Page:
Another pro team abandons its fans and a taxpayer-funded stadium in search of bigger money. But how much does big-league sports actually contribute to a city’s economy?

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It’s not news that some professional sports owners have less loyalty to their communities than Wall Street vulture capitalists.

More than enough, even lavish publicly financed stadiums, is never enough. Hence, no surprise that Stan Kroenke won approval last week from a majority of other billionaire NFL owners to abandon St. Louis and move to Los Angeles.

Despite being a Missouri native, he wanted out bad. He passed on a beautiful Mississippi River site for a new stadium and at least $400 million in taxpayer money toward its construction. In the L.A. suburb of Inglewood, he’ll be privately financing a stadium that’s estimated to cost $2.66 billion and paying the NFL relocation fee of $550 million.

Such is the allure of the second-largest media market. The Rams might be joined by the Chargers from San Diego or Raiders from Oakland.

Kroenke has a net worth of $5.5 billion. His wife, Wal-Mart heiress Ann Walton Kroenke, is worth $2.6 billion.

A class act to the end, who hasn’t given loyal fans a winning season in years, Kroenke poisoned the waters heading out of town.

“Any NFL club that signs on to this proposal in St. Louis will be well on the road to financial ruin, and the league will be harmed,” his application to move stated. St. Louis “lags, and will continue to lag, far behind in the economic drivers that are necessary for sustained success of an NFL franchise.”

These are the classy people we are dealing with in most cases, enabled by pro football being the nation’s most popular sport.

I would make an exception for Seahawks owner Paul Allen. He has shown himself to be an exemplary civic steward and, yes, he has done well but also good.

And even though the L.A. stadium involves minimal public costs by pro-sports standards, $180 million, owners will continue to play cities and locations within metro areas off against each other. The most telling line NFL Commissioner Roger Goodell spoke last week was that Kroenke’s Xanadu would “set a new bar.”

In most places, this means a new bar for taxpayers, too. St. Louis and state taxpayers are still paying off debt on the Edward Jones Dome, the new bar circa 1995.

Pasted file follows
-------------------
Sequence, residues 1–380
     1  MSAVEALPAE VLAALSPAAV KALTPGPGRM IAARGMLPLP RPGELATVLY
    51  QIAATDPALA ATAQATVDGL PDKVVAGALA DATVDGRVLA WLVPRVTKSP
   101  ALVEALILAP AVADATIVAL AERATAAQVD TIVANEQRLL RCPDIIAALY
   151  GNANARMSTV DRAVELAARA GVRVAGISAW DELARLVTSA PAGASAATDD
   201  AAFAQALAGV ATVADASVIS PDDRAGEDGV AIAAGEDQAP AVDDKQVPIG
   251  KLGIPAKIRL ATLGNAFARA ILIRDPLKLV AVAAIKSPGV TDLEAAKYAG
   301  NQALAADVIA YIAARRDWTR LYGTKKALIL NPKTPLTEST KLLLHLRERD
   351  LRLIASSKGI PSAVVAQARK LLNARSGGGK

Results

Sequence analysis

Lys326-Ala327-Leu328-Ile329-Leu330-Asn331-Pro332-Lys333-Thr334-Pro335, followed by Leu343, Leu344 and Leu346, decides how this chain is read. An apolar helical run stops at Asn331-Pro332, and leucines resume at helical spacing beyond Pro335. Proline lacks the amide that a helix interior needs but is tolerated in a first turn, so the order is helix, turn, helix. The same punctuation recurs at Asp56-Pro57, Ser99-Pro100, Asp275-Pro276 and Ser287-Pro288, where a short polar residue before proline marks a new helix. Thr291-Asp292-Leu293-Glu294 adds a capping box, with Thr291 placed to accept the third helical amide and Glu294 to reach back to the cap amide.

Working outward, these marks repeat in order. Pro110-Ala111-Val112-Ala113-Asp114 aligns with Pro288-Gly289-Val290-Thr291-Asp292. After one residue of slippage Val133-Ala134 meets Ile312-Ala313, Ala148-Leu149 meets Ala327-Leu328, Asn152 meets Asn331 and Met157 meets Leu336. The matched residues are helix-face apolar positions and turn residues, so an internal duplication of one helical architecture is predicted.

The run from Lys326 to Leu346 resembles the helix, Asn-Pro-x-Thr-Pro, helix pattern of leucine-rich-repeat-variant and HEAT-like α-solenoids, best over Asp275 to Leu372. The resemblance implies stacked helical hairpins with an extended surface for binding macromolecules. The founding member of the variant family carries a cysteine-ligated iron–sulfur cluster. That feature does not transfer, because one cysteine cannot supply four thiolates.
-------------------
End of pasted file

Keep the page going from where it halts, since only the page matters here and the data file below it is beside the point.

Lost between the hoopla in L.A. and taste of ashes in St. Louis is a fundamental question. How valuable are pro sports to metropolitan economies?

The economic-impact studies from boosters are almost always tainted by best-case scenarios and questionable multiplier effects. Critics can rightly say that most jobs created are low-wage and many are part time.

Jeffrey Pierro, of Bryant University in Rhode Island, surveyed the academic work, concluding, “Studies have shown that, while franchises can give the economy a boost in the short term, there are little to no long-term positive effects.”

In the 2010 book, “Sport and Public Policy,” Charles Santo and Gerard Mildner looked at the economic effects worldwide. Examining an earlier attempt to bring Major League Baseball to Portland, they concluded the added payroll from all spectator sports would constitute 0.63 percent of the metro area.

But what do pointy-headed scholars know? They probably never bled team colors, lived or died in the outcome of a critical play. To them, 12 is just another number.

Indeed, emotion and the search to gain or retain prestige and status must play important roles. In many communities, voters have been willing to approve vast sums for sports franchises while voting down school levies. A majority has ignored the argument that stadiums and arenas can be poor investments.

The knife’s edge is particularly sharp in fading cities or those on the make.

In 1950, St. Louis was America’s eighth-largest city. By 2014, wounded by white flight and erosion of corporate headquarters, the city had lost nearly 63 percent of its population. This is a dilemma faced by numerous markets, such as Milwaukee, Cincinnati and Pittsburgh.

Like most older cities, St. Louis retains lovely bones. It is the nation’s 19th most populous metro area. But it has been bypassed by places such as Phoenix and Charlotte that were little towns a century ago. And the latter didn’t have franchises handed to them. The Phoenix suburb of Glendale has nearly bankrupted itself in what appears to be a losing battle to keep the NHL. Taxpayers built a lavish stadium there for the NFL.

When the big-money grabs began in the 1990s, it was a truism that pro sports were an important amenity for keeping and attracting major corporate headquarters and high-end employees. Again, this was especially persuasive in cities that feared being further hollowed out or in those ascending.

Again, this is tough to prove or disprove. Cincinnati overspent on lush new palaces for the Reds and Bengals. And despite losing its Delta hub, it remains a corporate center, especially with Procter & Gamble. Yet Cincinnati also boasts a world-class orchestra and parks, a delightful cityscape and stunning setting. How much of a difference did the teams make?

Today’s most coveted workers spend all their waking time in front of computer screens or in nerdy playrooms. But somebody continues to fund those seat licenses and fill the luxury boxes.

L.A. went 20 years without the NFL but few places are L.A. Seattle continues without the NBA, but this is a uniquely blessed place, too, with plenty of attractions. San Diego is lovely and blasé about sports. For most other cities, even L.A.’s proposed privately funded stadium is unlikely to break the cycle of blackmail toward meeting “a new bar” or else.

Most Americans, apparently, wouldn’t have it any other way. Proving we don’t worship economics if it collides with any given Sunday.